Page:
A fully decentralised, easy accessible app

3 minute read Modified:

Unstoppable Web 3.0 App with IPFS, OrbitDB and the tor-protocol in any browser.
Table of Contents

The vision

Imagine an application that could do it all… Something between reddit, instagram, telegram and eBay. Now imagine everyone on this platform can be anonymous - no IP log, no nothing. The application would not be served from a single server, instead it would be decentralised and accessible through a regular browser. This means, that anyone can participate and communicate / buy / sell anything they want. Because of its decentralised nature, the application could not be stopped or shut down by a government entities. That’s going to allow everyone on this planet to begin engaging directly with each other on the regular Internet and bypassing a lot of middle man that kept us away from each other for so long. We can have direct engagement now. This is the revolution! It evens the playing field…

The execution

Without questioning why you would build something like that, let’s talk about how you would build it.


Of course you need a database for this app. But it can not be a traditional database hosted on a server. Instead it has to be a database hosted on multiple nodes and the participating clients. A decentralised database with conflict-free replicated data types, so that replicas can be updated independently and concurrently without coordination between the replicas. This specification narrows it down to two possible peer to peer databases: OrbitDB and GUN. The former uses IPFS and the latter uses WebSockets as a way to store the data. The problem with these two (in fact probably any p2p database) is, that they require in the case of IPFS a bootstrapping and GUN a signaling server. The IP addresses of these servers would be known publicly and can therefore be blocked by the authorities. But maybe we found a solution to this…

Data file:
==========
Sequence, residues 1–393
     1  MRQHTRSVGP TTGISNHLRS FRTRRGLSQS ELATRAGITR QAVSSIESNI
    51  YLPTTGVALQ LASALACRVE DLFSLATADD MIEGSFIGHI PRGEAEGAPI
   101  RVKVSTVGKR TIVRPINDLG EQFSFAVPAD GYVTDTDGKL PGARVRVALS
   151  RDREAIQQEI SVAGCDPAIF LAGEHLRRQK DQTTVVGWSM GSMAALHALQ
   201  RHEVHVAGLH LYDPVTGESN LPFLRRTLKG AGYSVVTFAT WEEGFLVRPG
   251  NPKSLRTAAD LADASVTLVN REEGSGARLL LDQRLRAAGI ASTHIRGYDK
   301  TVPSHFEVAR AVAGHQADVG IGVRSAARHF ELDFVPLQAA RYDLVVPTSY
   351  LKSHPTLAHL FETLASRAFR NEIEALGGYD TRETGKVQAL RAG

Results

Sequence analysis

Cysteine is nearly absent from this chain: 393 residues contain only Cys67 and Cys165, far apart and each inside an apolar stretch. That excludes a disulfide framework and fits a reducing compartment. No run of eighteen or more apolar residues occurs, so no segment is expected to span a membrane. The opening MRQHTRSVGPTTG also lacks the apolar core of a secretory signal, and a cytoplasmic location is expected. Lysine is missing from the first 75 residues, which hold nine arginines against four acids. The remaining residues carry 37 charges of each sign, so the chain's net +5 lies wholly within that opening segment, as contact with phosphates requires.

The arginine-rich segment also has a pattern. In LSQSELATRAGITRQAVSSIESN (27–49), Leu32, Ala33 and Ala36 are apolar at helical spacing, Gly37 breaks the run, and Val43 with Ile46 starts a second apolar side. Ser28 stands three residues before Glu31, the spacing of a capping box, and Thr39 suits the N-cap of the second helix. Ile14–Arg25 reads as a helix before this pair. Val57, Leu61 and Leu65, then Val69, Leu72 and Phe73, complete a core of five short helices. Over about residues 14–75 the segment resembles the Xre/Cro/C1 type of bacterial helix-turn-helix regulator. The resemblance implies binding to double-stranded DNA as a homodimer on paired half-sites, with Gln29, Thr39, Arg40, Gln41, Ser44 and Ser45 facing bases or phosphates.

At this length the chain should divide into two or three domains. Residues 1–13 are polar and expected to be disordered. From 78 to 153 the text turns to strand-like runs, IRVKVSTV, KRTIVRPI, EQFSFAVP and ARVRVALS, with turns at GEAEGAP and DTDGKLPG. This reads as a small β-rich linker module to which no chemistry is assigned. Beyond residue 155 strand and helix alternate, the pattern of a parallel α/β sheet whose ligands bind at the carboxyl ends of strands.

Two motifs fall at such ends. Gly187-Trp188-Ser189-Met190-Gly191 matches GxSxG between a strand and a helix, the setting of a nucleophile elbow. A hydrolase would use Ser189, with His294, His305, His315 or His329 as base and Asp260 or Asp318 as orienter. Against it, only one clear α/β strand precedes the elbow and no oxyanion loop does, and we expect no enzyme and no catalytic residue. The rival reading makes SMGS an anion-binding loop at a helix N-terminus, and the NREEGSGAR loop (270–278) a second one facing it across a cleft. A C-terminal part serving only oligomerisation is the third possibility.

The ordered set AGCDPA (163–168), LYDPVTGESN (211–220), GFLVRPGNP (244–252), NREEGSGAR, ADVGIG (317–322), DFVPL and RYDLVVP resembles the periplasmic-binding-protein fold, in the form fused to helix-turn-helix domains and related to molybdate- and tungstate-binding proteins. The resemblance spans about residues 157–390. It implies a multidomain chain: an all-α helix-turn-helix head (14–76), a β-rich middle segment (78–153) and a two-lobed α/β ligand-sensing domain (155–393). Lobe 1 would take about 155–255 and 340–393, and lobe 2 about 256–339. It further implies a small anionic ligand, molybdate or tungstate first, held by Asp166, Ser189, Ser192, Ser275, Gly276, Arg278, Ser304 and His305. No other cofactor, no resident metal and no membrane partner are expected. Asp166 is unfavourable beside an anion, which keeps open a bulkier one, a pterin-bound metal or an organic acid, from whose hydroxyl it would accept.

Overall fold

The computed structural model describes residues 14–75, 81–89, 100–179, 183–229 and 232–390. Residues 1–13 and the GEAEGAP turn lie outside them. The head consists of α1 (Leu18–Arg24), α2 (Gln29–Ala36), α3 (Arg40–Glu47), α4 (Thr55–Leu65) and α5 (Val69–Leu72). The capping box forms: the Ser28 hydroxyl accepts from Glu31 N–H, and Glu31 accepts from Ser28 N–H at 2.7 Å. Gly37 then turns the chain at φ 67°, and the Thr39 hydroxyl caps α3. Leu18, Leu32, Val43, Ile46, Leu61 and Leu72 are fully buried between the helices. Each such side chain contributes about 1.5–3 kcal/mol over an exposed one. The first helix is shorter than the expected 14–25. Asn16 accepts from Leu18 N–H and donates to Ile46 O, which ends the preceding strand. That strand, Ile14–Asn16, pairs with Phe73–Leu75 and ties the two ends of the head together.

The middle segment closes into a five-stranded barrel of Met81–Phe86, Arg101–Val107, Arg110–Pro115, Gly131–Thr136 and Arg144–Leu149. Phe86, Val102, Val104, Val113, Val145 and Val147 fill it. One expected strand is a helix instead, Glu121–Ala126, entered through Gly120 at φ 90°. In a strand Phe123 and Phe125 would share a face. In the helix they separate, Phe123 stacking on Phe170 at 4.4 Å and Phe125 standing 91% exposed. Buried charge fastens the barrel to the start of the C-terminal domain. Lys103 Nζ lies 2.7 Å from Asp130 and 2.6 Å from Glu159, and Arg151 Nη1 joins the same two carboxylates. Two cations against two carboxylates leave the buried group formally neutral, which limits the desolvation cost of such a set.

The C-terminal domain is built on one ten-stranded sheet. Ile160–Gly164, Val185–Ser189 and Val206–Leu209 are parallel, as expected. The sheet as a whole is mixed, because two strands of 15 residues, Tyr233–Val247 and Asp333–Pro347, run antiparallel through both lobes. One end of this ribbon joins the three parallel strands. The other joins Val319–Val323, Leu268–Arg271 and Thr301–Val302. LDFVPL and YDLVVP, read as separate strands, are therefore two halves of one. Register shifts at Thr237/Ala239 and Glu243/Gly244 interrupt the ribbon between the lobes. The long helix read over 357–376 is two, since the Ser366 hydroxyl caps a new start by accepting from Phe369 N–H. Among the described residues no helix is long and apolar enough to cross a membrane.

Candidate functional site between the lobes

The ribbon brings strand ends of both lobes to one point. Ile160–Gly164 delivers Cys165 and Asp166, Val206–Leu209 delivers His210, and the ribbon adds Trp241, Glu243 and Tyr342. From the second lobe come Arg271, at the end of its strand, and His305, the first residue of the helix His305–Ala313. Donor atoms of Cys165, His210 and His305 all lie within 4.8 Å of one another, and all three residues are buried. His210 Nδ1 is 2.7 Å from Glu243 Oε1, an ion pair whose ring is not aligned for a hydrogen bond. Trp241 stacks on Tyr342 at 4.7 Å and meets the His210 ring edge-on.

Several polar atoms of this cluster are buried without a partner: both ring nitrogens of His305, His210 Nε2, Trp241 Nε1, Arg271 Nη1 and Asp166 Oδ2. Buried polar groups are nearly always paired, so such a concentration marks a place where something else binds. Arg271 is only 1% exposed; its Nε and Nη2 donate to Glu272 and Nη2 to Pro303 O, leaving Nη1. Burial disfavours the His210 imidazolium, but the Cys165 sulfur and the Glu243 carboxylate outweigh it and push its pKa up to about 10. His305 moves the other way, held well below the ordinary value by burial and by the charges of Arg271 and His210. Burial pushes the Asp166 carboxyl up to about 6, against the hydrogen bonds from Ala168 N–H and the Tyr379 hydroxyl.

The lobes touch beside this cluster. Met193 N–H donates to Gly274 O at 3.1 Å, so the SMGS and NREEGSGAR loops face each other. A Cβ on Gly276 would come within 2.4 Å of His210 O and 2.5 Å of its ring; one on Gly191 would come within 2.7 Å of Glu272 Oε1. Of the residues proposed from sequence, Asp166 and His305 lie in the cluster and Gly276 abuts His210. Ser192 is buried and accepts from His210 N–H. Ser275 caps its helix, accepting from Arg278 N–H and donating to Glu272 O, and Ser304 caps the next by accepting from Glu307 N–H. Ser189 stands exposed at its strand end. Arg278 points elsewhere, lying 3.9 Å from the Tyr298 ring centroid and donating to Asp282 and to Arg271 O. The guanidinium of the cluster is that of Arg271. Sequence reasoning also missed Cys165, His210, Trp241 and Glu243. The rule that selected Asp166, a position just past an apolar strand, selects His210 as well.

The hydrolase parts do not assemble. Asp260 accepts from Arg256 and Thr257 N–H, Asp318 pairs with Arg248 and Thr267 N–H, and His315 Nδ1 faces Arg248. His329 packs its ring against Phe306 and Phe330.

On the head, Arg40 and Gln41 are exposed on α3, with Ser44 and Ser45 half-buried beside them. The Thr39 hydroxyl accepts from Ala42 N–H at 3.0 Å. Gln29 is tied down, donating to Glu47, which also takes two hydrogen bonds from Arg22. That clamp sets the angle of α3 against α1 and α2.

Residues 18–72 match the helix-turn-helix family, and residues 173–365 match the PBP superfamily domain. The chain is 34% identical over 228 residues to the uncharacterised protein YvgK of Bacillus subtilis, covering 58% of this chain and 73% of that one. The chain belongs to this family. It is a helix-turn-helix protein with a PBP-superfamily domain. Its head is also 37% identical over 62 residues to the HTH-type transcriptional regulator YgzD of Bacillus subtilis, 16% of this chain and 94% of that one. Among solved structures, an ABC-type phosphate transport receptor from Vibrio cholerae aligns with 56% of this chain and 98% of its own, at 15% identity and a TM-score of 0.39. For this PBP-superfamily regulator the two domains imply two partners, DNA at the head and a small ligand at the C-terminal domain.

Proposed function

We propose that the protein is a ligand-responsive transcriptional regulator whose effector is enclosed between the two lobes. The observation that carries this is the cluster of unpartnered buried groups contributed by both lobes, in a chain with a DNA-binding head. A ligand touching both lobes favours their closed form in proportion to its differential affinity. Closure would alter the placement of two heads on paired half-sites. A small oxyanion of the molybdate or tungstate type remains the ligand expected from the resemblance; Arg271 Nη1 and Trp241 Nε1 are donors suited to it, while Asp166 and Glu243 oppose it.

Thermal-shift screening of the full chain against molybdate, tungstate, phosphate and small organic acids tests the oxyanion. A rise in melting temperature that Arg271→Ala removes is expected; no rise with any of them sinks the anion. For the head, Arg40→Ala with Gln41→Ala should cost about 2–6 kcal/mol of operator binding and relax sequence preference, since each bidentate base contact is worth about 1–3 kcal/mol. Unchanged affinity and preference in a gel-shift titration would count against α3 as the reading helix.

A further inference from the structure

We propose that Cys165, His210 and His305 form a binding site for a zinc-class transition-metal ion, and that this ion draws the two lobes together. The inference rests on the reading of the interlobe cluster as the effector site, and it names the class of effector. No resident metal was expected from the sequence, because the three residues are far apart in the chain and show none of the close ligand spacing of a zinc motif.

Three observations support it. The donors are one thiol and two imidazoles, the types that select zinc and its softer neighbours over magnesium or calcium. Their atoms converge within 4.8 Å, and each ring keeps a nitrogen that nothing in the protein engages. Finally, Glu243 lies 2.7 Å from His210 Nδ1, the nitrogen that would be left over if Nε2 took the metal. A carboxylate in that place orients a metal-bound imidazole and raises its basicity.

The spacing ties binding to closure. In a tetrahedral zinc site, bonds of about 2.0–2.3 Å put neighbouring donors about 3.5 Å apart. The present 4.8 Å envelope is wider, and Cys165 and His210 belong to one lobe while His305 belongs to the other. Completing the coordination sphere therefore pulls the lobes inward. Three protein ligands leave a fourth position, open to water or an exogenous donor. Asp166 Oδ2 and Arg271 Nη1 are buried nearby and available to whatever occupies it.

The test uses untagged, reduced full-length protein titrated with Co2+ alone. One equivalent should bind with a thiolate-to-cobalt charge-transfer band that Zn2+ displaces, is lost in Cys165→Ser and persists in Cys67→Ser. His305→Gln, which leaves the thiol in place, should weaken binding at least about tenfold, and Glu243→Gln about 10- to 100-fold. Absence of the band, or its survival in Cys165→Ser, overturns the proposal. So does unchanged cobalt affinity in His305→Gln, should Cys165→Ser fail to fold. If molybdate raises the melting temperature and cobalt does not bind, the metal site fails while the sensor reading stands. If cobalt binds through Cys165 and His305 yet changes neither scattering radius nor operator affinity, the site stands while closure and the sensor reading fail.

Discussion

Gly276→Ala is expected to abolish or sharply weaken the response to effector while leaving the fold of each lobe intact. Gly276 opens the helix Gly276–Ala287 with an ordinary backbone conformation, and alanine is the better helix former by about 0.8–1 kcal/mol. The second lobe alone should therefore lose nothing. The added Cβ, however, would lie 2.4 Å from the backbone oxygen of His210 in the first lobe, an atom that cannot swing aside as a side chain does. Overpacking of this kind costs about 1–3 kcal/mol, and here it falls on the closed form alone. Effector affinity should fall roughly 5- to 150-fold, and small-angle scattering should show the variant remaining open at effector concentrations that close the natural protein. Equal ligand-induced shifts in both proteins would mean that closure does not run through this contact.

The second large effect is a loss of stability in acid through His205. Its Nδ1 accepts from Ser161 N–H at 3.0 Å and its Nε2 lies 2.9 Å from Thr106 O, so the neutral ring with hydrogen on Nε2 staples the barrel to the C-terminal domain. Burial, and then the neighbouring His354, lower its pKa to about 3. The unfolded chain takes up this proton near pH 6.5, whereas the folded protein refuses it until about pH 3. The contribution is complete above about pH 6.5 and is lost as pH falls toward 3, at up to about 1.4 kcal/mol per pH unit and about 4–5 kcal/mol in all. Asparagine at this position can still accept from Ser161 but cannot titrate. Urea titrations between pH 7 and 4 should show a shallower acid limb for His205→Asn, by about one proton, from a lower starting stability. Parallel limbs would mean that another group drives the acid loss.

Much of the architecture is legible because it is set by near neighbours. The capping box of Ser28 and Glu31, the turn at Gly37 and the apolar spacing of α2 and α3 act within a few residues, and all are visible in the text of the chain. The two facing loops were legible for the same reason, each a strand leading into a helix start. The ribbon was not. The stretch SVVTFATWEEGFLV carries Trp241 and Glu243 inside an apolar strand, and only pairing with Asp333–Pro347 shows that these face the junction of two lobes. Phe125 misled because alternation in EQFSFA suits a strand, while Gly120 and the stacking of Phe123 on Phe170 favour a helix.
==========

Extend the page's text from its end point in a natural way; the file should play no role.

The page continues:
Removing the achilles heel

While digging through the code of IPFS I found this discussion about censorship resistance. One comment suggested a couple of methods for querying a list of available bootstrap nodes. This is a mediocre, not fail-proof solution. Aymeric Vitte finally jumps into the conversation and suggests implementing a project of his, node-Tor, to antonymies the IP addresses of the bootstrapping servers and peers. It is a javascript open source implementation of the Tor protocol on server side and inside browsers. It is not fully production ready but could be the answer to the final problem.

Decentralised Identity

Finally we need a way to authenticate the users. The W3C published a decentralised identity standard and iota picked it up and is working on making a SDK based on iota called identity.ts.


Sooner or later our vision will come true. We are discussing and probably soon actually starting to build a completely decentralised, easy accessible web 3.0 application. If you want to be a part, please contact me.